The largest scale genomic study in Africa has identified a new gene that is linked to the onset of diabetes in African populations. Interestingly, the gene has not been found to be linked to diabetes in European populations.  

In type 2 diabetes the body is able to produce insulin but the body’s cells do not respond to it. This can lead to dangerously high blood sugar levels. As type 2 diabetes often develops in people as they age, understanding the genetic basis of the disease could lead to prevention treatments.

The genetic profiles of 5,231 people across Nigeria, Ghana and Kenya were investigated to identify the genetic variants shared by individuals with type 2 diabetes. Many genetic variants had already been identified from large scale studies of European populations, but the newly discovered gene ZRANB3 seemed to vary in diabetes patients of African origin.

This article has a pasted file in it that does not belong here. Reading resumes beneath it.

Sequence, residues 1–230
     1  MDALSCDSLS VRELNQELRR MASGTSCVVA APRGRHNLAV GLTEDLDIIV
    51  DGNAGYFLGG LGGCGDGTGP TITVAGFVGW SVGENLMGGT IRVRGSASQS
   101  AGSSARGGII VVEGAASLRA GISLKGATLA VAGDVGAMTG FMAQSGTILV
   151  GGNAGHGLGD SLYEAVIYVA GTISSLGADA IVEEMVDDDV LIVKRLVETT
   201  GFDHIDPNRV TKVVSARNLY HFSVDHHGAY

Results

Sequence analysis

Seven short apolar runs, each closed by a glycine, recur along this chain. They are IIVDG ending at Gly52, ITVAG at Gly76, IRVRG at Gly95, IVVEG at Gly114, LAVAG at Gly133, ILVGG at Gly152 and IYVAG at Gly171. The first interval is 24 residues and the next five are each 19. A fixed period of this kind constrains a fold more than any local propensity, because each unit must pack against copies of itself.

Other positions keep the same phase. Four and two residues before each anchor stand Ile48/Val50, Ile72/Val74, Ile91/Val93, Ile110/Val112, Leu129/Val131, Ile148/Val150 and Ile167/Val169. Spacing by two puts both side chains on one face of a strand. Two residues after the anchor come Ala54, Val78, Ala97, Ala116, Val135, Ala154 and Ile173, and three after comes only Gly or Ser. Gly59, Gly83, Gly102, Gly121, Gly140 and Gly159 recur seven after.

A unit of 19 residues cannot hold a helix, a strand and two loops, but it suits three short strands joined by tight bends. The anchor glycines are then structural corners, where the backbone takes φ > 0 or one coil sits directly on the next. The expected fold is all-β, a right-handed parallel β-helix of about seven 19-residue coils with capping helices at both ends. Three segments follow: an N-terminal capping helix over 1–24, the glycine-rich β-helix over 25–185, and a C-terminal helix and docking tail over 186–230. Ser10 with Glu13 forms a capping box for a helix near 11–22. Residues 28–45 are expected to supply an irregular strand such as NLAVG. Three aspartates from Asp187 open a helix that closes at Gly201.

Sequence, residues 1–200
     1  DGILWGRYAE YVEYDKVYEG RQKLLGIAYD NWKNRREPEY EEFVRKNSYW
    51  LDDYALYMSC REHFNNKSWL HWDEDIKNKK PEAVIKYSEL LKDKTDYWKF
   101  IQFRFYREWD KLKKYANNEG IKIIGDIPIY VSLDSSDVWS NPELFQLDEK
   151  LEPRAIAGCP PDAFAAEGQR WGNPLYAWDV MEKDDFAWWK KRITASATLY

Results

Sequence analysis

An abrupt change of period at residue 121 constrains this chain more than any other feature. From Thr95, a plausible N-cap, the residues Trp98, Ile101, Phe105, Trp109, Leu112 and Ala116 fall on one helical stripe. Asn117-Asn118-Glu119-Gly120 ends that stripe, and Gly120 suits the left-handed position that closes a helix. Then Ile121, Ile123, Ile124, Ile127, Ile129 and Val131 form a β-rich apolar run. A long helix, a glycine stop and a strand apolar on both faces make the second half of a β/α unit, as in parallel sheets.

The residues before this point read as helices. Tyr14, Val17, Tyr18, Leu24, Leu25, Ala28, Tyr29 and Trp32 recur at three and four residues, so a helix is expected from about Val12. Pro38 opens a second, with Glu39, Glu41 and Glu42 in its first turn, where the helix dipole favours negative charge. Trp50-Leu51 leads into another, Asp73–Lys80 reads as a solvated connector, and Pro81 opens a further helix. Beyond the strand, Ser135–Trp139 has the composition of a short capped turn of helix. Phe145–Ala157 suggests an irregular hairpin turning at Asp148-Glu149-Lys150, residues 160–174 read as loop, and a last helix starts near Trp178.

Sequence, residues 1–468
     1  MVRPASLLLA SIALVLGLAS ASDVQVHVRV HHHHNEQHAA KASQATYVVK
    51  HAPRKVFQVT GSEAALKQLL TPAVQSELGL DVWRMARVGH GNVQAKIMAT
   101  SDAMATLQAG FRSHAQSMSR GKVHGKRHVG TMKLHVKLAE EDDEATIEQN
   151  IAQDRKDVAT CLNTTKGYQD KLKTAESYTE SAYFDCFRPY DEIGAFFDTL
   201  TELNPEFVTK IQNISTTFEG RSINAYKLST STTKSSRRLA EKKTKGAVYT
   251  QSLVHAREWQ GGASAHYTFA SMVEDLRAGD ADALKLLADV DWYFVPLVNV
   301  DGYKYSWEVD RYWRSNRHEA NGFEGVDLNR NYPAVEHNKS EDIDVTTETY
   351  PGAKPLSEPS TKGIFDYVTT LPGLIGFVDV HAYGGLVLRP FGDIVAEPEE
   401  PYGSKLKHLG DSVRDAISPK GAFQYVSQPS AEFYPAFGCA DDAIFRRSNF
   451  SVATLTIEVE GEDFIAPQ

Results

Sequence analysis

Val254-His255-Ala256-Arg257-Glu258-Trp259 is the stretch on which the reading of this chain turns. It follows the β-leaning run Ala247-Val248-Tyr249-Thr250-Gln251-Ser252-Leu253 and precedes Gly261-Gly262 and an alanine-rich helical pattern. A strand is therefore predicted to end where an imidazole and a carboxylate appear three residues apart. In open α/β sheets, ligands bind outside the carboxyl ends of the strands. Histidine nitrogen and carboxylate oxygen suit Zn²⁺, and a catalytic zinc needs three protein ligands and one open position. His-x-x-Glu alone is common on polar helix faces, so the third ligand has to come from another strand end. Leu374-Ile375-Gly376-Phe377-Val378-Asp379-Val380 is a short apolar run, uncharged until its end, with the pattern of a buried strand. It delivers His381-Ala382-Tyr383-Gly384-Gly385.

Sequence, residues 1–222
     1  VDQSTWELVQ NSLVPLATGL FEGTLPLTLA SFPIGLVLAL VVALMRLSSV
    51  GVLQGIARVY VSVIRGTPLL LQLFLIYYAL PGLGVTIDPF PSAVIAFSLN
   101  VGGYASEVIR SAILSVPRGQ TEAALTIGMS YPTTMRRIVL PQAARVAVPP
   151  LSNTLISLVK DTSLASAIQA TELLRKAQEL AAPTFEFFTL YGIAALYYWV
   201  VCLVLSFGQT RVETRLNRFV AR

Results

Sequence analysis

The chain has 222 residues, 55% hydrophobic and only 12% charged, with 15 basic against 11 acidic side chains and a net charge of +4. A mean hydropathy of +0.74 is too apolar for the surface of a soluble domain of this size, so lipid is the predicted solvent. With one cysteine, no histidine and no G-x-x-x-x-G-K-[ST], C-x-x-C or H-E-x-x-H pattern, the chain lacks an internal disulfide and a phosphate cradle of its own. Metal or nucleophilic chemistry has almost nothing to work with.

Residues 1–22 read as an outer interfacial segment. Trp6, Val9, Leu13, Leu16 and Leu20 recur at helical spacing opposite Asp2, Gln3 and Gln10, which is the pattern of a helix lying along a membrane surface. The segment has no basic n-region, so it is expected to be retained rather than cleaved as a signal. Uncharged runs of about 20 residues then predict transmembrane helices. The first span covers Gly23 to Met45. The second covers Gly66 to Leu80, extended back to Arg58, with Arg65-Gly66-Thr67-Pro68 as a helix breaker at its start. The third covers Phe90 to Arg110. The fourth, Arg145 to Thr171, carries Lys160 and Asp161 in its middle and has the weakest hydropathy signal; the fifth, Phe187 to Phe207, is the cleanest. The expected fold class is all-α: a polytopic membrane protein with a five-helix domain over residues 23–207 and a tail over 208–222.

Researchers attempted to understand how ZRANB3 was involved in diabetes by studying the pancreas in zebrafish. Using CRISPR the ZRANB3 gene was removed from the pancreas cells. When the gene was inactive the insulin producing β-cells of the pancreas underwent programmed cell death, known as apoptosis. When the ZRANB3 gene was knocked out in mice cells, they produced substantially less insulin.

This study demonstrates the value of large-scale genetic studies on different populations. Many population studies are done exclusively on European populations, even though key insights can be missed if people with different genetic backgrounds are excluded.

More studies are needed to identify if ZRANB3 is indictive of diabetes in other populations. Further studies are required to determine how ZRANB3 can cause diabetes in humans.